Allen Recreational Fields

July 2, 2010

Among the many summer construction/renovation projects at Smith, is the replacement of grass with artificial turf on the portion of the Allen Fields used by the field hockey and lacrosse teams.  The improved field will allow more practice and competition time for the teams on a yearly basis, as well as eliminate the use of 900,000 gallons of water that irrigates the grass field.

This announcement led the Archives to look into the history of the sites named “The Allen Recreational Fields” (‘recreational’ was dropped when the 3rd and present site was opened).  Here’s what we found:

The first Allen Field was located in the area which now houses the Quad, between Paradise Road and Kensington Avenue.  It was a gift of Frank Gates Allen, a merchant and philanthropist in Illinois, who purchased the John Whittlesey estate along Elm Street and donated it to the College in 1904.  His wife, Minnie Florence Stephens was a member of the Class of 1883, and their daughter, Marjorie Allen (Seiffert), was a member of the Class of 1906.

Blueprint of Allen Field, 1904

Blueprint of Allen Field, 1904

The Allen Field included 2 basketball courts (middle), 13 tennis courts (middle, left), a volleyball court (upper right), and a field hockey pitch. (far left).  Allen Field was an extremely active site, as evidenced by the many images of sporting events found in student photograph albums in the College Archives.  In this image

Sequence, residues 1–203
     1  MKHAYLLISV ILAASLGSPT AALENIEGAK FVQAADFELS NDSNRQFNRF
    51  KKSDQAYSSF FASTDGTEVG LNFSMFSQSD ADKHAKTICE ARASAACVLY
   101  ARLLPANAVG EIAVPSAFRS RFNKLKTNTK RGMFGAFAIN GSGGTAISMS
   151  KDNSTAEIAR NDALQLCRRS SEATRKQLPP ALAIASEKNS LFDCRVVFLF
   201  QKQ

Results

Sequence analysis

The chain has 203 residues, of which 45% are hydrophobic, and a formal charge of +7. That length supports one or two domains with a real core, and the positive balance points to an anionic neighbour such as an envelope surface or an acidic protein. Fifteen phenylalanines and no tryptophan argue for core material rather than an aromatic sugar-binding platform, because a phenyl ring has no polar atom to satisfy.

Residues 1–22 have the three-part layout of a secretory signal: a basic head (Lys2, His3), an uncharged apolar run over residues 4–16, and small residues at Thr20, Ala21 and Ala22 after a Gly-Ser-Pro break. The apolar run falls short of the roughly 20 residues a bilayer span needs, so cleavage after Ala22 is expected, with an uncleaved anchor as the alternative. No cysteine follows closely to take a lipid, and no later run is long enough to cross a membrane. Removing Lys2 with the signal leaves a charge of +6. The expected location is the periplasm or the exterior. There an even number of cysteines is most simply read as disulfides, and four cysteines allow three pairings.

Outdoor basketball game on Allen Field, 1904

Outdoor basketball game on Allen Field, 1904

the students are playing outdoor basketball.  The tennis courts can be seen to the far right.  The photographer is looking towards Dryads Green and Paradise Road.  Today, that photographer might be standing in the courtyard of Martha Wilson House.  As the student population grew at Smith, and more students were engaged in intramural sport activities (between classes and houses).  There was a growing need for more space.

In 1921, the College purchased 10 acres of land along the Mill River to the edge of West Street, and planned to build the “New” Allen Field there.  The Field eventually was located alongside and behind Scott Gymnasium and Sage Hall, both completed in 1924.  The original Allen Field was maintained until construction of the Quadrangle houses was started in 1922 and began to encroach on its use.  The new Allen Field had 26 tennis courts, an archery range, a field hockey pitch, and a running track.

Site of 'new' Allen Field, 1921

Site of 'new' Allen Field, 1921

The College started to refer to this field as the Athletic Field.  In his Annual Report of 1930-1931, William A. Neilson reported that ‘after many years of intermittent negotiation the College has finally succeeded in purchasing from the Commonwealth additional land for athletic purposes.  Over 21 acres on the other side of Paradise Pond…have been acquired…Space with be provided there for four hockey fields, for a baseball field, a soccer field, a bridle path and for some minor sports.” [pps6-7, Annual Report of the President, 1930-1931].

In October of 1931, the Lamont Bridge which spanned the ‘new’ Allen Field and the new Athletic Field was dedicated.  The bridge was a gift to the College of Florence Corliss Lamont, Class of 1893.  Her daughter, Eleanor Lamont (Cunningham), Class of 1932 and William A. Neilson are shown at the ceremony:

Eleanor Lamont, Class of 1932 and William A. Neilson at Lamont Bridge Opening, 1931

Eleanor Lamont, Class of 1932 and president William A. Neilson at Lamont Bridge Opening, 1931

William A. Neilson chatting with students at Lamont Bridge dedication, 1931

William A. Neilson chatting with students at Lamont Bridge dedication, 1931